We are inadequate as far as the classic doctor-patient ratio is concerned. We are also inadequate in terms of technical infrastructure, but the situation is improving.
Since the Government of India started medical colleges in various districts, we are hoping that things will get better. Currently, we are going through a transition and it’s a matter of another decade before we will truly be able to call ourselves developed as far as oncology care is concerned. That said, our country is large and wide, so homogeneous distribution of services will continue to be the biggest challenge.
Nearly 1 in 28 women are likely to develop breast cancer during their lifetime. How can this risk be reduced?
Breast cancer has overtaken cervical cancer to become the number one cancer in India. Every woman must be aware of the risk factors and know if she is at risk. If there’s a family history, she needs to get screened regularly. Also, if she is obese, or if she already had cancer in one breast, the chances of getting it in the other breast are higher. Other risk factors include ageing as well as marriage and childbirth at a later age.
However, if diagnosed early, breast cancer can be treated and cured. Therefore, mammograms and screening programmes are important. When I started my oncology practice, about 85 per cent of breast cancer patients were diagnosed either in stage 3 or stage 4, but now those numbers have come down to 59 per cent. This means we are on the right path to diagnosing cancers early and treating them aggressively.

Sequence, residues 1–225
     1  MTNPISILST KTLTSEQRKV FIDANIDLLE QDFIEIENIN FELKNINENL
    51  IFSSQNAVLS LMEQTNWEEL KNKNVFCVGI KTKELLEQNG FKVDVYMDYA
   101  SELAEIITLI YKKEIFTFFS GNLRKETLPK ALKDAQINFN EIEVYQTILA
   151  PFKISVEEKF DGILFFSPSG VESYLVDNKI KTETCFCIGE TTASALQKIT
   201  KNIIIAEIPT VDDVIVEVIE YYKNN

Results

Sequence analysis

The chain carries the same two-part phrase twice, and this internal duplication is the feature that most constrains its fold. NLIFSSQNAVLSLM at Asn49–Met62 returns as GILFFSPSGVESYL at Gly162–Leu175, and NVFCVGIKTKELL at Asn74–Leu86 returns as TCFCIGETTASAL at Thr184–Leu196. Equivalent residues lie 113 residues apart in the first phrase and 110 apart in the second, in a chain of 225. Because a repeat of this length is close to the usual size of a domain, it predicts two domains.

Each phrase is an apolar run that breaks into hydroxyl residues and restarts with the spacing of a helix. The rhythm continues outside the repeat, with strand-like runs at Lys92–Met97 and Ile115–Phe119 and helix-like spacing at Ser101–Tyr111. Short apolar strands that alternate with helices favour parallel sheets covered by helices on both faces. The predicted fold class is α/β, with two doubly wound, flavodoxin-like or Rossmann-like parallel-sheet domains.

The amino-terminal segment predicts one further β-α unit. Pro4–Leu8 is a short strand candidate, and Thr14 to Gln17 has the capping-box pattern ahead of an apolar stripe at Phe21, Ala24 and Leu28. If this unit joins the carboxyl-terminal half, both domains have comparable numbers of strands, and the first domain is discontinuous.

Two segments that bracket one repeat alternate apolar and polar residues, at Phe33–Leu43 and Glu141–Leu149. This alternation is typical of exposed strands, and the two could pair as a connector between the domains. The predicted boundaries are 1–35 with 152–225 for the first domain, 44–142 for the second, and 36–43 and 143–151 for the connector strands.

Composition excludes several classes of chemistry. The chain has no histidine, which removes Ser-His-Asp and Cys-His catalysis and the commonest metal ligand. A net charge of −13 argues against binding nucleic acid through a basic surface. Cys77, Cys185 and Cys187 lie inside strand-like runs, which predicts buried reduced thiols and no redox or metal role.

Could you share some lifestyle recommendations to help prevent cancer?
As far as the etiology of cancer is concerned, lifestyle and history of the disease are important factors. Lifestyle entails what you eat and drink, even if it is tea. For instance, if you consume too much tea, it leads to an excess of tannin and acid, which corrode the inner lining of your gastrointestinal tract and increase the risk of cancer. So having a balanced approach is crucial. I would recommend regular exercise and cutting down on tobacco, alcohol and red meat. Most importantly, listen to your body. If you don’t, you may miss the early symptoms and land up with stage 2 or stage 3 cancer.